Minimum Viable Product or MVP is a prototype of a product or a service developed and released in order to evaluate the customers’ response and test the product hypothesis without investing a lot of resources in its construction and implementation. This product is limited in features, and is built quickly enough to be deployed as a product which is ready for customers’ interaction.
The development of MVP in to a full-fledged product solely depends on the customer feedback, actual usage scenario results and validation of the general hypothesis, so it could either be entirely discarded, tried again with some new added features and modifications or could be finally accepted as a model for a new actual product design, so actual development of the product could begin. This strategy of deploying MVPs is mainly implemented by individuals or organizations, who seek to minimize the risks i.e. if by any chance the product fails, their hypothesis is proven wrong or unprofitable and the company faces huge capital losses.
Some of the key characteristics of using MVP strategy are:
- It is built using minimum resources so it has enough value that people would be willing to use it or buy it. Mainly the company initially uses a freemium version for a MVP.
- It shows enough future potential to retain early customers, even attract the future customers.
- It provides a feedback loop to guide future development, so developers would know how to proceed with their ideas and have a clear vision to build what is actually required.
- The main idea of this development strategy is that early customers can see the promise the final product has and so they provide the valuable feedback for its development, this increases the customer trust.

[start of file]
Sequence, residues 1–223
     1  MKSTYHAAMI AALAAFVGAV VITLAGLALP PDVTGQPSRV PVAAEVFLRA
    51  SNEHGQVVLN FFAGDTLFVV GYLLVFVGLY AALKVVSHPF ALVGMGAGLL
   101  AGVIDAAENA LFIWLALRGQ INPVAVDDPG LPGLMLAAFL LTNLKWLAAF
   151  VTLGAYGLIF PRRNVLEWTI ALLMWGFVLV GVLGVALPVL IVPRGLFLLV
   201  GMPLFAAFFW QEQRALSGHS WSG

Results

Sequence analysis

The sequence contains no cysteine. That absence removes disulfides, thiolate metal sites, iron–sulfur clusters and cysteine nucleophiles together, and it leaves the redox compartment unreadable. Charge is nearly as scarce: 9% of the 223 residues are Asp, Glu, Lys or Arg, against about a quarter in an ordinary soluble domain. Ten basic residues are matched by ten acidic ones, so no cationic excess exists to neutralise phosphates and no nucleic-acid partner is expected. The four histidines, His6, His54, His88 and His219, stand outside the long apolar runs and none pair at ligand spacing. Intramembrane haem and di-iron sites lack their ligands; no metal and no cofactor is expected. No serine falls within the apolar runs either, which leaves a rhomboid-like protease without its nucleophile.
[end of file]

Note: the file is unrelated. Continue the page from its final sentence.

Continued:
- This also shows that technically orientated products used by technical users may be most appropriate for this type of development technique, as it all comes down to convenience of the product and if the product delivers the task they need.
- Using this strategy we can also create bases for other products as user feedback, can vary and can show us new ideas, which can’t be featured into the existing product, but could give a way for another product.
- Using MVPs we can minimize the resources needed in marketing of the future product, as the MVPs can gather a lot of customers and attract them towards the full featured final product, hence it also acts as a form of marketing.
The term “Minimum Viable Product” was first used and defined by Frank Robinson (entrepreneur and economist) which was further popularized by Eric Ries (entrepreneur and author) and Steve blank (entrepreneur and academician). Since then the strategy of using MVPs has become successful and it keeps on evolving with new ideas, it has made the survey strategies implemented by organizations redundant, as it has proven to be misleading many times. MVPs have also become the startup strategies by many successful entrepreneurs and some of the key companies who followed this strategy are Twitter, Dropbox, Airbnb, Zappos, buffer and Groupon.
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